2001 census data ready for release
Population count conducted last May 15
to have wide-ranging implications
By JENNIFER LEWINGTON
URBAN AFFAIRS REPORTER
Tuesday, March 12, 2002 Print Edition, Page A7
Canadians will get their first peek at themselves in a new century with today's release by Statistics Canada of figures in the 2001 census.
The population count will have wide-ranging implications, from political-representation shifts in Parliament to transfer payments.
The census will reveal the growing influence of immigration in overall population patterns, with some cities more of a magnet for newcomers than others. Because the falling birth rate slows growth, immigration plays an important role in cities such as Toronto and Vancouver.
In recognition of growing urbanization, Statistics Canada added two entries to its roster of 25 so-called census-metropolitan areas. These are city-regions with at least 100,000 people. As of the 1996 census, city-regions were home to six of 10 Canadians.
As the first statistical portrait of Canada in the 21st century, the 2001 census "is going to have an impact on the future confidence and optimism of the country," predicted historian Jack Jedwab, executive director of the Association for Canadian Studies.
Prof. Jedwab, who teaches at the University of Quebec at Montreal and McGill University, predicts that the population figures will change the distribution of seats in the House of Commons. Big winners are likely to be Ontario, Alberta and British Columbia, which grew over the decade. The chief electoral officer will use the data to calculate the additional number of seats for these provinces.
The information released today tallies the country's population at 31.1 million and reveals those areas -- by province and urban centre -- that gained and lost population since the 1996 census. More detailed profiles listing age, sex, language, immigration, education and religion will be released in stages this year and next.
"This is the first standardized snapshot that will address issues around growth rates and trends for the country over the last five years," said Mike Sheridan, assistant chief statistician for Statistics Canada.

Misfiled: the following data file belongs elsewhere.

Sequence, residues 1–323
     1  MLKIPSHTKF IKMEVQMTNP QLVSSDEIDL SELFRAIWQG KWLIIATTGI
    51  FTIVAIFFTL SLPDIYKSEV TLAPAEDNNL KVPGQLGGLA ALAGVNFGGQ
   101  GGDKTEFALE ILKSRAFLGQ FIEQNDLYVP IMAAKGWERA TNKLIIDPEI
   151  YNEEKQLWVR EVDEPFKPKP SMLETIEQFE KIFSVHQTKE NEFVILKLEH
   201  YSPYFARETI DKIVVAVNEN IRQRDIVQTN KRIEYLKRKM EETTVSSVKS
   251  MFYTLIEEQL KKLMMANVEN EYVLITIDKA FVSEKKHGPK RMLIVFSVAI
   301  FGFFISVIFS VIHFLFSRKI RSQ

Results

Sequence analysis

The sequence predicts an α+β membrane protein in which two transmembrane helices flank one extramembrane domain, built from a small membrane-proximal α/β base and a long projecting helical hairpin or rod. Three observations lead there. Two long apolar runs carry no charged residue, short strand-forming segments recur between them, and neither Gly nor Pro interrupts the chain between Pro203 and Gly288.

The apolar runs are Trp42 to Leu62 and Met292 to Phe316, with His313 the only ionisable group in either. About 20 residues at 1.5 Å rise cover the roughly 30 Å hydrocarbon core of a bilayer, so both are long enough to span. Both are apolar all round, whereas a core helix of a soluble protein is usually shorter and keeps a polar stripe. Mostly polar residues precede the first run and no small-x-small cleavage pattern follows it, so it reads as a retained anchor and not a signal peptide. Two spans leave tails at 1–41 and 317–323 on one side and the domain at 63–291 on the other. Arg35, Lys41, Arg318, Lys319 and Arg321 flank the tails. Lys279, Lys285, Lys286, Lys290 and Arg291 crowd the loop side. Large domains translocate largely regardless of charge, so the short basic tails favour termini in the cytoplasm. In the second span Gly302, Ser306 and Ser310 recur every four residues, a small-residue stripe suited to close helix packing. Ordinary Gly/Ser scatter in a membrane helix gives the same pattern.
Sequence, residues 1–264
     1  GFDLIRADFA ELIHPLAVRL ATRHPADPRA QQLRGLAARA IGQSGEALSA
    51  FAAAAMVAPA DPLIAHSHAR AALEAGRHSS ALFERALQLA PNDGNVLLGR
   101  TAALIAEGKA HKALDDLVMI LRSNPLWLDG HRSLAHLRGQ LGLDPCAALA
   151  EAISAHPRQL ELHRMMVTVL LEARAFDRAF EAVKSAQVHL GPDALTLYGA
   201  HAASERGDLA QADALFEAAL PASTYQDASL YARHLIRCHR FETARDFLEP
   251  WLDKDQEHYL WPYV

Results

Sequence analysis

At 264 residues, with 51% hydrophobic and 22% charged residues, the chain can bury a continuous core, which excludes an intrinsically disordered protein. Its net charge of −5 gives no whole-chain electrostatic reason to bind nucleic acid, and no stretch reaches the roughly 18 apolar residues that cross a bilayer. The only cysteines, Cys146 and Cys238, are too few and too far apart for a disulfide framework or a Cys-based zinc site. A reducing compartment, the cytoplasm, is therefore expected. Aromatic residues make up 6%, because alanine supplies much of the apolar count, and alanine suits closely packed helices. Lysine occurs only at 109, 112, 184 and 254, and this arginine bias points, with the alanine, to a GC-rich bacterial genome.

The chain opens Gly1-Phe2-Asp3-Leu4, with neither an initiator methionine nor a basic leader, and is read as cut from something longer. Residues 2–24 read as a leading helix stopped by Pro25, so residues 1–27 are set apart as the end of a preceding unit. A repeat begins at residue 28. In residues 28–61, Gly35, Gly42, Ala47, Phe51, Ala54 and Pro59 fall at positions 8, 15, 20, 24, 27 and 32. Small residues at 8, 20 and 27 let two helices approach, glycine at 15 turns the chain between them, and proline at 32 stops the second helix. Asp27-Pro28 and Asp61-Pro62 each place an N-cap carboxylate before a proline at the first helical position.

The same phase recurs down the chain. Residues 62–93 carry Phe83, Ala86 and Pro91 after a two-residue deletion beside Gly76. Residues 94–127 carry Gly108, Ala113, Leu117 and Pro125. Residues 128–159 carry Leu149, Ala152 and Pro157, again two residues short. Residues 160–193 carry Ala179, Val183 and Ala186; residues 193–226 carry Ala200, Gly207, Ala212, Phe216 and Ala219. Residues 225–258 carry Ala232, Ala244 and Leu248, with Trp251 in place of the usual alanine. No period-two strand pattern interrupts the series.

The census, conducted on May 15, cost $425-million and employed about 45,000 people.
A new question on the 2001 census gathered information on same-sex relationships. These data are to be released in October, along with new information on families, marital and common-law status and household populations.
The 2001 census differs from past surveys in the wealth of data to be made available today to those with access to the Internet.
"This will be the first time we take full advantage of all the Internet has to offer as an information device," Mr. Sheridan said. "We have hugely increased the interactive ability for people to look up data and search out information on their community."
The Statistics Canada Web site (http://www.statcan.ca) includes maps and graphs that illustrate populations even within neighbourhoods, as well as percentage changes in area populations from 1996 to 2001.
New in this census is the category metropolitan-influence zones. These zones reveal the amount of urbanization beyond city-regions. A fast-growing community such as Barrie, Ont., lies outside the Toronto census area, yet a large number of Barrie residents work in the Toronto area.
Thus, a community with 30 per cent to 50 per cent of its residents commuting to a big urban region is considered part of a metropolitan-influence zone, said Doug Norris, Statistics Canada director-general of census and demographic statistics.
Data still to come
Statistics Canada's release of population numbers from the 2001 census is the first of eight snapshots of the country to be released over 14 months. Here are the release dates and census topics, according to the agency.